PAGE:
Fruit weight: Mean fruit weight ranged between 11.25- 16.00 g per fruit in different fruit bunch thinning treatments (Table 1). Mean fruit weight was significantly more in different thinning treatments than the control treatment (LSD0.05 = 0.998). The fruit weight was significantly higher in T4 than other thinning treatments but the difference in weight was not significant between T2 and T3 treatments. Similar results were reported by Mustafa (1993) who concluded that in Sewi date palm fruit physical and chemical characteristics were substantially improved with thinning by progressive removal of strands while bunch and palm yields were reduced. Also, El-Shazly (1999) stated that by removing 30% of entire spikelets from bunch center was the most promising treatment which gave a reasonable yield and the best fruit quality of Nabtet Ali cultivar as compared with the other treatments.

Fruit flesh: The mean fruit flesh (expressed on percent basis relative to control treatment) ranged between 86-93% in different thinning treatments (Table 1). The fruit flesh percentage was significantly higher in the thinning treatments as compared to the control treatment (LSD0.05 = 0.005). Although, mean flesh percentage showed increasing trend in T4 than T2 and T3 treatments but the difference was not significant among different thinning treatments. Similar views were stated by Nixon and Carpenter (1978), Ali-Dinar et al. (2002) and Hammam et al. (2002) who concluded that increase of fruit and flesh weights in treatments of strands removing and tips thinning may be attributed to an internal adjustment mechanism that makes the remaining fruits capable to efficiently use assimilates and improve their chemical and physical qualities in reduced competitive environments However, in contrast to the study results, many similar studies showed that fruit parameters were not affected by different bunch thinning treatments (Godara et al., 1990).

Fruit yield: Mean date fruit yield ranged between 80-89 kg per tree under different thinning treatments (Table 1). Mean fruit yield was significantly affected by different thinning treatments (LSD0.05 = 2.514). Unexpectedly, the mean fruit yield was significantly less in T4 (1/3 shortening and 1/3 removing strands) than other treatments. However, the difference in yield was not significant among T1, T2, T3 and T4 thinning treatments. The low yield in T4 could be attributed to the removal of sizable number of fruit bunches that makes up the total fruit yield. The results were identical to those reported by Osman and Abdulrida (1989) and Mustafa (1993) who reported that severe thinning led to great reduction in date palm yield and bunch weight.

Table 1: Effect of different thinning practices on date fruit yield and fruit quality
Image for - Effect of Thinning Practices on Fruit Yield and Quality of Ruzeiz Date Palm Cultivar (Phoenix dactylifera L.) in Al-Ahsa Saudi Arabia
The values in a column followed by the same letter(s) are not significantly different by LSD0.05

Bunch weight: Mean date fruit bunch weight ranged between 8.30-12.00 kg per tree under different thinning treatments (Table 1). Mean bunch weight was significantly affected by different thinning treatments (LSD0.05 = 0.998). The mean fruit bunch weight was significantly less in T4 (1/3 shortening and 1/3 removing strands) than other treatments. Whereas, the difference in bunch weight was not significant among T1, T2, T3 and T4 thinning treatments. These results were identical to those of Tavakkoli et al. (2006) on Shahani date cultivar. Because developing fruits normally act as strong sink to tree nutrient sources (Leopold, 1964). Several studies have demonstrated that less date fruits in proper managed trees have always better chances to increase size, weight and other fruit quality variables (El-Hamady et al., 1983; El-Gassas, 1986). This is mainly due to abundance of photosynthates to remaining fruits (Ali-Dinar et al., 2002).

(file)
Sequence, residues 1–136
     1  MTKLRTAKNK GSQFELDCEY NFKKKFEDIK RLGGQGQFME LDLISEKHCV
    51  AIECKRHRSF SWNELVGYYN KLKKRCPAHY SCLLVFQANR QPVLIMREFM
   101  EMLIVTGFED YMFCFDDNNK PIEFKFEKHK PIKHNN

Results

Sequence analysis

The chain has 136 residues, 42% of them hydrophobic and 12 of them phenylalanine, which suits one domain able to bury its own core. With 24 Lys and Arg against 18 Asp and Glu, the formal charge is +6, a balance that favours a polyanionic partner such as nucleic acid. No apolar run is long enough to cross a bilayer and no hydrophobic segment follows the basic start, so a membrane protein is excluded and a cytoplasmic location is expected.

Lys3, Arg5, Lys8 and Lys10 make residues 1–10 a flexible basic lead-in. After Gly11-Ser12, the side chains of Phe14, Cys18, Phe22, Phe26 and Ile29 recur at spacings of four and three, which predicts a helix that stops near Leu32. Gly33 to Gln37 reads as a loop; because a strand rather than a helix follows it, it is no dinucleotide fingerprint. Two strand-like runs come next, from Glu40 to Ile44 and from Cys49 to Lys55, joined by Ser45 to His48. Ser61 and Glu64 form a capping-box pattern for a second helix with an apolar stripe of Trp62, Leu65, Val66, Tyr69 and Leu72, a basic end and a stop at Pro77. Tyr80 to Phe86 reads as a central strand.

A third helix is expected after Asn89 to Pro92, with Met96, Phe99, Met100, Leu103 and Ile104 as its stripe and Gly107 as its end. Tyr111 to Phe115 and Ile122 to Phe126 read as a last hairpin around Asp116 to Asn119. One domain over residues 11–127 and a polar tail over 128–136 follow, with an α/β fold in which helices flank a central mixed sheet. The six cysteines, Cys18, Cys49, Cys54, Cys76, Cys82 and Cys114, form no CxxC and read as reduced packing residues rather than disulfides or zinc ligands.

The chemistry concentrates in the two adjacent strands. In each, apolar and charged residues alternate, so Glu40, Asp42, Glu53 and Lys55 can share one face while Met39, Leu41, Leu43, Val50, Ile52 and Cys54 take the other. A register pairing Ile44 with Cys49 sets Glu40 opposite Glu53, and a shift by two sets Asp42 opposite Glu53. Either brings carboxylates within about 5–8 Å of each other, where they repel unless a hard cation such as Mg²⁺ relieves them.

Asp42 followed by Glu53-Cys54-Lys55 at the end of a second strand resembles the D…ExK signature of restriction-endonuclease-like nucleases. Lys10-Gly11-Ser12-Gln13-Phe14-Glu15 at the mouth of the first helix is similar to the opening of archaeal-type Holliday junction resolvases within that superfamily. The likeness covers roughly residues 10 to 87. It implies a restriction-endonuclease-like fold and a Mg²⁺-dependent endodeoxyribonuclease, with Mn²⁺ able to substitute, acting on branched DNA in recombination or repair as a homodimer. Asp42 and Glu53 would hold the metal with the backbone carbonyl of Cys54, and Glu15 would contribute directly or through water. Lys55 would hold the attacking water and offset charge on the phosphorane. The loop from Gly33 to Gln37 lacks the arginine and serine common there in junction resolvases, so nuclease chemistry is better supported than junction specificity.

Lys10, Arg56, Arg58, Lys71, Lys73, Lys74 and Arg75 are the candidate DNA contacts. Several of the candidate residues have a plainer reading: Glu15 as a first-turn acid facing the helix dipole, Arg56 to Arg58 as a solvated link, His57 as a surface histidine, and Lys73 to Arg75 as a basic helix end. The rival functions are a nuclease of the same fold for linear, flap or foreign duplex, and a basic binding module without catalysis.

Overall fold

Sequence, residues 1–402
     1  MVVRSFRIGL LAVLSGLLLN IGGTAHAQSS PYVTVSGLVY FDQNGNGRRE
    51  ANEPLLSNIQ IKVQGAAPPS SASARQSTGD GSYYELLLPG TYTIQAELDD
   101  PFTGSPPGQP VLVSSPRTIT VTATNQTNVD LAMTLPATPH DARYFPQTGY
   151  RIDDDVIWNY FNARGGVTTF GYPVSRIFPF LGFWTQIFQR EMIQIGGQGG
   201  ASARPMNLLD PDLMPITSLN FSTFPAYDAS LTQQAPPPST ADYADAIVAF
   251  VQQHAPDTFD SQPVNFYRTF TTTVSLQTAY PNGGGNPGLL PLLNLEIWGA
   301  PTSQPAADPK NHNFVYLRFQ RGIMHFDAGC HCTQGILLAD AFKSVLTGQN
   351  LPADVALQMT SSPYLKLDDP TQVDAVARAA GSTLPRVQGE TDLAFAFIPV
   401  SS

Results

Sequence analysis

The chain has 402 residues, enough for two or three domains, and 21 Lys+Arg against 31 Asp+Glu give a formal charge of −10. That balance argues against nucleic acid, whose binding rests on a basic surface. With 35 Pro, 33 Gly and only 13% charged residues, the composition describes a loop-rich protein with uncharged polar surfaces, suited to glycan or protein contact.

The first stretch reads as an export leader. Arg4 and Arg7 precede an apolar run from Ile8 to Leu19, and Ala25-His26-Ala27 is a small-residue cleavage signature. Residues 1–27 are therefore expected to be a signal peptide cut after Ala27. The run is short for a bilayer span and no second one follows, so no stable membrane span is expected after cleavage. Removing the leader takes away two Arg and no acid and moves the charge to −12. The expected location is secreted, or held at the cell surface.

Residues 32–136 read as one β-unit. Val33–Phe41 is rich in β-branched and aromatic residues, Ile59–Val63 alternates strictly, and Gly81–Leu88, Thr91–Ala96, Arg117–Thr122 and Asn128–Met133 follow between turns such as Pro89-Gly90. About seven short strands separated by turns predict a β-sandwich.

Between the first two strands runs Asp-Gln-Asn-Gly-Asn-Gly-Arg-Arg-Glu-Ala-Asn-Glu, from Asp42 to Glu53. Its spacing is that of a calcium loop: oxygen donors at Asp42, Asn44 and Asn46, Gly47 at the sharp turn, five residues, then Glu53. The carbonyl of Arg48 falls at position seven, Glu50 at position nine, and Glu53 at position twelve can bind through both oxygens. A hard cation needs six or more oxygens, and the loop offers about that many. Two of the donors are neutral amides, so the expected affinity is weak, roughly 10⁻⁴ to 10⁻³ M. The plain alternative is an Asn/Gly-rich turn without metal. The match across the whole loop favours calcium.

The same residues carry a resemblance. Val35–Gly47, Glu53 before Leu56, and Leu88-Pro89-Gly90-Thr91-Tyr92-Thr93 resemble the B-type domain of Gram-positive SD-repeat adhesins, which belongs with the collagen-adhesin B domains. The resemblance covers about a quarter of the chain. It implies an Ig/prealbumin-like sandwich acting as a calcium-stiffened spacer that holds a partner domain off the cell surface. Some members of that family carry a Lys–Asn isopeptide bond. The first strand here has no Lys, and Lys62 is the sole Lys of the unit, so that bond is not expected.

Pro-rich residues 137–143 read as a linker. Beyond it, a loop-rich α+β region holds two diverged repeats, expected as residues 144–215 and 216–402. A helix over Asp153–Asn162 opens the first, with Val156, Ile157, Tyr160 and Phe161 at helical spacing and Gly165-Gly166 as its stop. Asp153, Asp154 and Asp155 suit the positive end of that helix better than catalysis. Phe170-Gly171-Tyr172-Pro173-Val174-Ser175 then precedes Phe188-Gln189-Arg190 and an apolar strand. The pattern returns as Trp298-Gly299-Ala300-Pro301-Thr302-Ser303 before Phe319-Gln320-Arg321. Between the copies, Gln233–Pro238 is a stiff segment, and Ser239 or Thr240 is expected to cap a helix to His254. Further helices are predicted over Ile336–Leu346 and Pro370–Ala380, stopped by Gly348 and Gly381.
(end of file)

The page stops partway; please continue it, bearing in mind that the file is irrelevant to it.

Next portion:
Reducing and non-reducing sugar contents of fruit: Mean sugar contents of date fruit ranged between 46.25-48.65 and 20.50-22.25% for reducing and non-reducing sugar, respectively in different thinning treatments (Table 1). The sugar contents were significantly affected by different thinning treatments (LSD0.05 = 0.005 for reducing sugar and LSD0.05 = 0.007 for non-reducing sugar). The difference in both the sugar contents (reducing and non-reducing) were significant among different thinning treatments and increased in ascending order from T1 to T4 treatments. The higher sugar contents in T4 could be attributed to overall low total fruit yield in T4 than other treatments that might have caused concentration factor in total sugar accumulation. The increase of sugar contents in treatments of strands removing and tips thinning may be attributed to an internal adjustment mechanism that makes the remaining fruits capable to efficiently use assimilates and improve their chemical and physical qualities in reduced competitive environments (Nixon and Carpenter, 1978; Ali-Dinar et al., 2002; Hammam et al., 2002). On the other hand, many similar studies showed that fruit parameters were not affected (Godara et al., 1990) by thinning treatments when compared to the study results. It is quite obvious that a balanced removal of bunch strands reduces the inter competition between the remaining fruits for nutrients and assimilates.

CONCLUSIONS

Mean date fresh fruit weight, fruit flesh percent, reducing and non-reducing sugars increased with thinning treatments. Besides, total date fruit and individual date fruit bunch yield reduced significantly with application of various thinning treatments. In conclusion, application of thinning practices in date palm production seems to play a significantly in improving date fruit quality. This practice can be held true only if the date palm trees are properly managed and the leaves are optimally functioning and efficiently providing assimilates. Based on the study results, it was found that thinning 1/3 of bunch strands from tips and 1/3 removal of the central bunch strands are appropriate approaches to improve Ruzeiz date palm fruit quality and ensures reasonable incomes to date growers. The study provided an excellent potential for the application of thinning practices to produce high quality dates in the Kingdom. Further studies are required to study in detail all the physical and chemical characteristics of date fruit under different managing practices.